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Q&A: Hall of Fame athletic trainer Paul Welliver on coronavirus concerns, what prep athletes should be doing and top memories

Paul Welliver
Paul Welliver(Courtesy Photo)

Paul Welliver helped start the athletic training program in Carroll County Public Schools in 1990, and his work as a trainer in various college, professional, and Olympic arenas has given the 1975 Westminster High School graduate his share of sports medicine knowledge and experience.

Welliver is a licensed massage therapist who has been in private practice in Westminster since 1993, and he was inducted into the Maryland Athletic Trainers’ Association’s Hall of Fame in 2009.

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The Times recently caught up with Welliver to get his thoughts on how the sports world has been affected by the coronavirus pandemic, and his time spent working with athletes, coaches, and teams around Carroll County.

Q: What’s your main message to people with coronavirus concerns?

A: I have always said, “Treat the patient, not the disease.” Anyone that is sick should stay home anyway. Four out of five who contract COVID-19 will be just fine, but I have been unpleasantly surprised at the persistence of this virus. Most of the deaths in Washington State are in one nursing home. Like any infection, the compromised person usually suffers the complications.

On a larger scale, the USA may suffer a depression similar to the 1930s. The Las Vegas Strip is dark. Broadway is shut down. The state of California has been told to stay home. Businesses and people will lose everything.

Testing is not as important as containing the spread. Most of the cases are in 10 counties in three states — California, New York, and Washington. The major concern is legitimate. Our health care system could get overloaded and unable to treat the high numbers of the 20% that would need hospitalization.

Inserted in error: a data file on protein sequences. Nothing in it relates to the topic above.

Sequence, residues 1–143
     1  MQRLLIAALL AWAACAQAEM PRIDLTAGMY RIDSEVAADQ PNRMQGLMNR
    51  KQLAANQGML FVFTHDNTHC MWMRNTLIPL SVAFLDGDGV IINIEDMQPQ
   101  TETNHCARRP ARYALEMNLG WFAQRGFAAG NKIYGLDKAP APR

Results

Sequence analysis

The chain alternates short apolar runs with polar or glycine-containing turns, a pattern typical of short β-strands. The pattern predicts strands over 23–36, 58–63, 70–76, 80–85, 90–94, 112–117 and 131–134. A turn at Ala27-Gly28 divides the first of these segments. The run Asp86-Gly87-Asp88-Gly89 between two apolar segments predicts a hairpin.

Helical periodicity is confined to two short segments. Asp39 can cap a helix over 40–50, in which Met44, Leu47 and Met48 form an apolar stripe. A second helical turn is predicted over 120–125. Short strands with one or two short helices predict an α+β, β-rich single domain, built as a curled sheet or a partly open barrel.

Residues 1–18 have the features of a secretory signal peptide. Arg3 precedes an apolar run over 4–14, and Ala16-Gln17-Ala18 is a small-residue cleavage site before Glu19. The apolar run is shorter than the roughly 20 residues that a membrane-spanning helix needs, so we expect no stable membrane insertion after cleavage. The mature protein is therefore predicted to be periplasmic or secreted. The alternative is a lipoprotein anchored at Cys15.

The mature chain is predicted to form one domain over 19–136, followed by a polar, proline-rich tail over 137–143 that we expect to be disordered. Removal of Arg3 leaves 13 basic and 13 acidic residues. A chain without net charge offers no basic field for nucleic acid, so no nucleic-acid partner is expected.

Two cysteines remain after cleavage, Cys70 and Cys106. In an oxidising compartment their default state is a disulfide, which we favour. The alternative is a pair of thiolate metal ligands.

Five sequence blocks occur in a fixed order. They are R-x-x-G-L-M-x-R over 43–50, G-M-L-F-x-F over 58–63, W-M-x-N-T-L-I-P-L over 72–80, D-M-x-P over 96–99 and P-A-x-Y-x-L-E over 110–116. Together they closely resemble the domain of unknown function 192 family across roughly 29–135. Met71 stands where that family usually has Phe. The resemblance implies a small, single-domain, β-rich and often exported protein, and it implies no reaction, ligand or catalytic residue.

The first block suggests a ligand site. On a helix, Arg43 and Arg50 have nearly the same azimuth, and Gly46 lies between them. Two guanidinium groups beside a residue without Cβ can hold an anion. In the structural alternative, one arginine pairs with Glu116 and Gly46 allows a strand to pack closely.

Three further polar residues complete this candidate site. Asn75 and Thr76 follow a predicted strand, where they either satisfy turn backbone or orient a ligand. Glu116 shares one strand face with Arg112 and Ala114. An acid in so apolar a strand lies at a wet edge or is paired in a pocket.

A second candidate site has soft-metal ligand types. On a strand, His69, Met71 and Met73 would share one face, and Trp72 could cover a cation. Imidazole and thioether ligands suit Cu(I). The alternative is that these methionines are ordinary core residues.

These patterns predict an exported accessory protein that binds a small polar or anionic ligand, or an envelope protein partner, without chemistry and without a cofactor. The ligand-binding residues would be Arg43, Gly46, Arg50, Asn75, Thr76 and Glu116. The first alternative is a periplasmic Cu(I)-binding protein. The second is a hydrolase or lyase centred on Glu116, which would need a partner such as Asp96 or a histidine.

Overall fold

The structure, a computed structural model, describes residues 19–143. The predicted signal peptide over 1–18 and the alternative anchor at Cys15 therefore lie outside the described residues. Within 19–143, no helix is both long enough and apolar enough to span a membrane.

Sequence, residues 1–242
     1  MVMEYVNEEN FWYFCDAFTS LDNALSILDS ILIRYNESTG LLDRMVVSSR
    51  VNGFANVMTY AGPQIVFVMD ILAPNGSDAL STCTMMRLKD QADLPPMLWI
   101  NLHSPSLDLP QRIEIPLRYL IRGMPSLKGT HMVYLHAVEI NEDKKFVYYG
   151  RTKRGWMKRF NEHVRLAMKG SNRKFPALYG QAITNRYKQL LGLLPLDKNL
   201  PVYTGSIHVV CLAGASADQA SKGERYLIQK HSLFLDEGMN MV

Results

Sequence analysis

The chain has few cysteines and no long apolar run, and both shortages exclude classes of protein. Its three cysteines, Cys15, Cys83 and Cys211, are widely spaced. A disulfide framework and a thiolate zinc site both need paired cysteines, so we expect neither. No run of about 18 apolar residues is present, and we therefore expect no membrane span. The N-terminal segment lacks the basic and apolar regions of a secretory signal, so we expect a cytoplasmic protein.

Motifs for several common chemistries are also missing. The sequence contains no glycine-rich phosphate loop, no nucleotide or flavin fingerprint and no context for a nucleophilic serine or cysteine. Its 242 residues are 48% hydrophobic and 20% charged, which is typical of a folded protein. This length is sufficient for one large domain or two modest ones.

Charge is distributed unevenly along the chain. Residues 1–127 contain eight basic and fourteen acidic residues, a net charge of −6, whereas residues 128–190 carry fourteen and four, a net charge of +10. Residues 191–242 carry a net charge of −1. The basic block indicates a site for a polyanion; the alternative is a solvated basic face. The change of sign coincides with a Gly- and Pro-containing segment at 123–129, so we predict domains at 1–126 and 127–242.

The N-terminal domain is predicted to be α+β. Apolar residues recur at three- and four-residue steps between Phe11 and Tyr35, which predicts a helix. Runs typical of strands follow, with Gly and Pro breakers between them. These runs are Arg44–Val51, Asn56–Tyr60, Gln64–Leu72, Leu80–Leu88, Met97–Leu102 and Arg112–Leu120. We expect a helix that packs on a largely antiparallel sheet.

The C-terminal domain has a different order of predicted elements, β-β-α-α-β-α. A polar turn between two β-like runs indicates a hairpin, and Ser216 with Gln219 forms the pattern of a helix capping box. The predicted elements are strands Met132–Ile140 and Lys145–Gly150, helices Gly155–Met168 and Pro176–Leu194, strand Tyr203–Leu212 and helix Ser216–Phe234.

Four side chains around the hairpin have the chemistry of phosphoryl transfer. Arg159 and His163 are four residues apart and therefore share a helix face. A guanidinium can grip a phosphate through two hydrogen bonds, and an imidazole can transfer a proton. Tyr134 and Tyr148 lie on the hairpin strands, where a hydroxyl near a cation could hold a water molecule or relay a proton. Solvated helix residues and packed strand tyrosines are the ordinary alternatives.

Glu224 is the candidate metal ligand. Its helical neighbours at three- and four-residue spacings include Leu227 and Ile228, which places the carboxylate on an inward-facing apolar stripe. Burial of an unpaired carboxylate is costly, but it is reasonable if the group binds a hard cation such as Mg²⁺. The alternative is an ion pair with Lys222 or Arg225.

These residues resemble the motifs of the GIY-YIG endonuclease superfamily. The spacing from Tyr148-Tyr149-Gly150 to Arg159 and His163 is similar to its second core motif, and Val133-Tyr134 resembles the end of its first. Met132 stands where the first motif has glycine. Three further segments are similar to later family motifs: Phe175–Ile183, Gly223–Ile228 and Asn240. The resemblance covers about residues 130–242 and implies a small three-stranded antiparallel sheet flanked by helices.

Please stop talking about a vaccine because that will not be available for a year. This problem is now. On a global scale, air pollution is down because of less factory output and driving now. People now have a chance to reevaluate their lives and priorities if they take advantage of this down time.

Q: How has the sports world handled the pandemic?

A: Unbelievably well. I watched the NBA and the NHL talk about playing with no fans and then no practices or games as the two leagues suspended operations. Then the NCAA canceled the winter championships, including “March Madness.”

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This move was psychologically and financially catastrophic. Then the NCAA canceled all spring championships. Major League Baseball canceled spring training and delayed the opening of the season.

The sports fan is still in shock.

ESPN is debating the NFL trades and Draft. Recreational leagues had become “wreck” leagues. Parents were worried about their children’s travel teams and not their kid’s D in English.

A shortage of officials and referees are a result of the boorish behavior of parents at the games. Now we can all calm down and reevaluate what really matters in a young person’s life.

Q: Which recent postponed or cancelled sporting event affected you the most?

A: The NCAA Division I men’s basketball championship. That tournament is the best three weeks of sports until the Stanley Cup Playoffs. Fingers crossed for the NHL to resume the season safely.